Isaiah 11:10 And in that day there shall be a root of Jesse, which shall stand for an ensign of the people; to it shall the Gentiles seek: and his rest shall be glorious.
We manifest the character of the kingdom of God when we take in strangers. We love because He first loved us. To know mercy is to show mercy. It should not be overlooked that Jesus Himself had intimate knowledge of what it meant to be a “stranger”:
Psalm 69:8 I am become a stranger unto my brethren, and an alien unto my mother's children.
When we contemplate what our Lord and Savior endured for us, including alienation from His own Father, it gives new depth of meaning to His statement, “Inasmuch as ye have done it unto one of the least of these my brethren, ye have done it unto Me.”
In closing, here is a passage from Isaiah which serves to summarize several characteristics of the kingdom to which Jesus refers in the Matthew 25 parable:
Isaiah 58:6 Is not this the fast that I have chosen? to loose the bands of wickedness, to undo the heavy burdens, and to let the oppressed go free, and that ye break every yoke? 7 Is it not to deal thy bread to the hungry, and that thou bring the poor that are cast out to thy house? when thou seest the naked, that thou cover him; and that thou hide not thyself from thine own flesh?... And if thou draw out thy soul to the hungry, and satisfy the afflicted soul; then shall thy light rise in obscurity, and thy darkness be as the noonday.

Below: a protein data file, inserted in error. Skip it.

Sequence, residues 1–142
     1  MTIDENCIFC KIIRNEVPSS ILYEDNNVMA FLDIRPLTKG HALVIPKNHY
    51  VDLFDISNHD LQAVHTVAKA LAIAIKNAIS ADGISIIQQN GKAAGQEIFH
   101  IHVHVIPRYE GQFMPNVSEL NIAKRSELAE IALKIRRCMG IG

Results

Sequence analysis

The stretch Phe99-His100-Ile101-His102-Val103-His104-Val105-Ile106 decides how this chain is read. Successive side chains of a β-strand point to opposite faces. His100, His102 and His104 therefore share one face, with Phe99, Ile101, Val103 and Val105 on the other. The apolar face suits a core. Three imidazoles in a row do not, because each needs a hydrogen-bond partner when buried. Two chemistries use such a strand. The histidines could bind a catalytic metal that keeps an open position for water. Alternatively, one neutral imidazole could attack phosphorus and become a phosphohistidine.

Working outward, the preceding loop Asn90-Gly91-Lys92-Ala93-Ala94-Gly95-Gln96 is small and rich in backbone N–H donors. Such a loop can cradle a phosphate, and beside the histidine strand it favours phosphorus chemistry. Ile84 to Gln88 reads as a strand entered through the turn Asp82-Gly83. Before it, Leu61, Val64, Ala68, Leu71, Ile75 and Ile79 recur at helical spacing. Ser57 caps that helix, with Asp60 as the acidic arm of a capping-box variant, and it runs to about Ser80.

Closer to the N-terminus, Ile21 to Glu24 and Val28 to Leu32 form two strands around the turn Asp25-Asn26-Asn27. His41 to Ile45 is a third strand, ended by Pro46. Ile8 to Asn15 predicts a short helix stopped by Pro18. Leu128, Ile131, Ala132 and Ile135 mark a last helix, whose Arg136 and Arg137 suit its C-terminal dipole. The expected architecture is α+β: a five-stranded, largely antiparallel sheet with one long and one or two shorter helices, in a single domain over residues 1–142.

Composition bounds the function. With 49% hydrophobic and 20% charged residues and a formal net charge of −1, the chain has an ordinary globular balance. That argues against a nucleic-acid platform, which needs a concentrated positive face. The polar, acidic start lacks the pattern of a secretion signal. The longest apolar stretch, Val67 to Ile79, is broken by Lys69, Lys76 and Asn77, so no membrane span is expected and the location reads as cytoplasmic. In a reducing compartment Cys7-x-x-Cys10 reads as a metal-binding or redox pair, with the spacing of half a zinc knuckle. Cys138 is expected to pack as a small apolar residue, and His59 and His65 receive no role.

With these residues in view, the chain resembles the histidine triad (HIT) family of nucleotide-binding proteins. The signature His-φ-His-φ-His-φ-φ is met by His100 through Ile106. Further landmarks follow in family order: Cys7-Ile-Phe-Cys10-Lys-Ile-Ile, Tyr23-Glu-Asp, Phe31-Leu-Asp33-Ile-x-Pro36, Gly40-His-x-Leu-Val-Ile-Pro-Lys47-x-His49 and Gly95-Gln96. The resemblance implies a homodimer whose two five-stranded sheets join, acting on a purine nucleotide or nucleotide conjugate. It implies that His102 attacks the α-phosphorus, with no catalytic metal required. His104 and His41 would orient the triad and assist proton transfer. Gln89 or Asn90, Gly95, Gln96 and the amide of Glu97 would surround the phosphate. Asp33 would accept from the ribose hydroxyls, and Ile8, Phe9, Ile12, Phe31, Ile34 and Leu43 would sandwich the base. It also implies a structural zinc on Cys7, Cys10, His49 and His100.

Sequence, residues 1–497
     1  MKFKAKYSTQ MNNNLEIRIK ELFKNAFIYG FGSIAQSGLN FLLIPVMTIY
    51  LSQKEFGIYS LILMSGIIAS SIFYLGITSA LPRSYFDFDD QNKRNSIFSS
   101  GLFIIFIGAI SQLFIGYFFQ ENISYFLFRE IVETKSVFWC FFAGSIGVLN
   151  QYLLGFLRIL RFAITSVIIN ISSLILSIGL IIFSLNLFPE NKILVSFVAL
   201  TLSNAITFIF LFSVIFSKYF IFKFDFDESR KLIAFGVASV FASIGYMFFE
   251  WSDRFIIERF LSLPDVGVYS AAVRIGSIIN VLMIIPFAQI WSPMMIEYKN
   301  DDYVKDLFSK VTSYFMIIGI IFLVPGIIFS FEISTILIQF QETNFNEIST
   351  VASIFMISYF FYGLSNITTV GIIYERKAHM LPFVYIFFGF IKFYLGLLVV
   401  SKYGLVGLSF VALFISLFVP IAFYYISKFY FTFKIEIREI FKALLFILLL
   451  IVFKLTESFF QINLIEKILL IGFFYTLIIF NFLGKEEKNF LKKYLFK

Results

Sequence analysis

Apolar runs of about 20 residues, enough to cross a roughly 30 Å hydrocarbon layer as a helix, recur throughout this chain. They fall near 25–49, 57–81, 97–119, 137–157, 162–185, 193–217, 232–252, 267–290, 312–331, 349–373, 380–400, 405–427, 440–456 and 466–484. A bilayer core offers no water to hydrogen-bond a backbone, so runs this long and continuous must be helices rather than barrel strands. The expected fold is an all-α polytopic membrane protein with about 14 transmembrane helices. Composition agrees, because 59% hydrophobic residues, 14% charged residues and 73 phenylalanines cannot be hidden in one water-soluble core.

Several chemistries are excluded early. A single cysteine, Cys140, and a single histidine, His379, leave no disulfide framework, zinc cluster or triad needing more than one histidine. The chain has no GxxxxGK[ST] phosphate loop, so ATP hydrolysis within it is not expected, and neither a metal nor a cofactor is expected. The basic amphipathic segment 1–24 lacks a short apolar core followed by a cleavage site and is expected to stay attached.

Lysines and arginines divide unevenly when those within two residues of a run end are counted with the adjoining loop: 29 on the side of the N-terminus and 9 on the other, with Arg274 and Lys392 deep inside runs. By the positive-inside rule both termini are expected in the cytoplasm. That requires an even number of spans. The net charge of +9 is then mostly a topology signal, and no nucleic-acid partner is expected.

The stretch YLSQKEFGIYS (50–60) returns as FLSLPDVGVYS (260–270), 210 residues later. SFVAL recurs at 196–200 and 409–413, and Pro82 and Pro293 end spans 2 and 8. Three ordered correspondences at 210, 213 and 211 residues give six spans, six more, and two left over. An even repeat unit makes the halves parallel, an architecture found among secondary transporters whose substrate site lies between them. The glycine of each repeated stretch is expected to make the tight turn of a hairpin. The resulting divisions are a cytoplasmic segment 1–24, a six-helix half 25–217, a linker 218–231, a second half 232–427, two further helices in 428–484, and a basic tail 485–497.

Notice especially in the above passage the phrase, “thine own flesh.” In Christ, in Heaven, we are in Him, He is in us, and we are intimately connected as members of His body.
“Lord, when saw we thee an hungred, and fed thee? or thirsty, and gave thee drink? 38 When saw we thee a stranger, and took thee in? or naked, and clothed thee? 39 Or when saw we thee sick, or in prison, and came unto thee? 40 And the King shall answer and say unto them, Verily I say unto you, Inasmuch as ye have done it unto one of the least of these my brethren, ye have done it unto me.”
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Tami Jelinek is a part-time senior care giving coordinator and full-time seminarian, currently working toward her Master of Divinity degree. Tami and her husband of twenty-six years, Keith, reside in Auburn Hills, Michigan. They have three grown children. Tami’s personal passion is theology: the knowledge and experience of the Truth and Mercy found only in the person and work of Jesus Christ, and displayed in the lives and communion of His people. Exploring portraits of Christ and His kingdom in the Old Testament is the primary focus of her studies. Tami and Keith enjoy traveling, and love to fill their home with friends and family who share their fondness for good food, good wine, and great conversation.
Metaphors of Mercy and the Experience of Heaven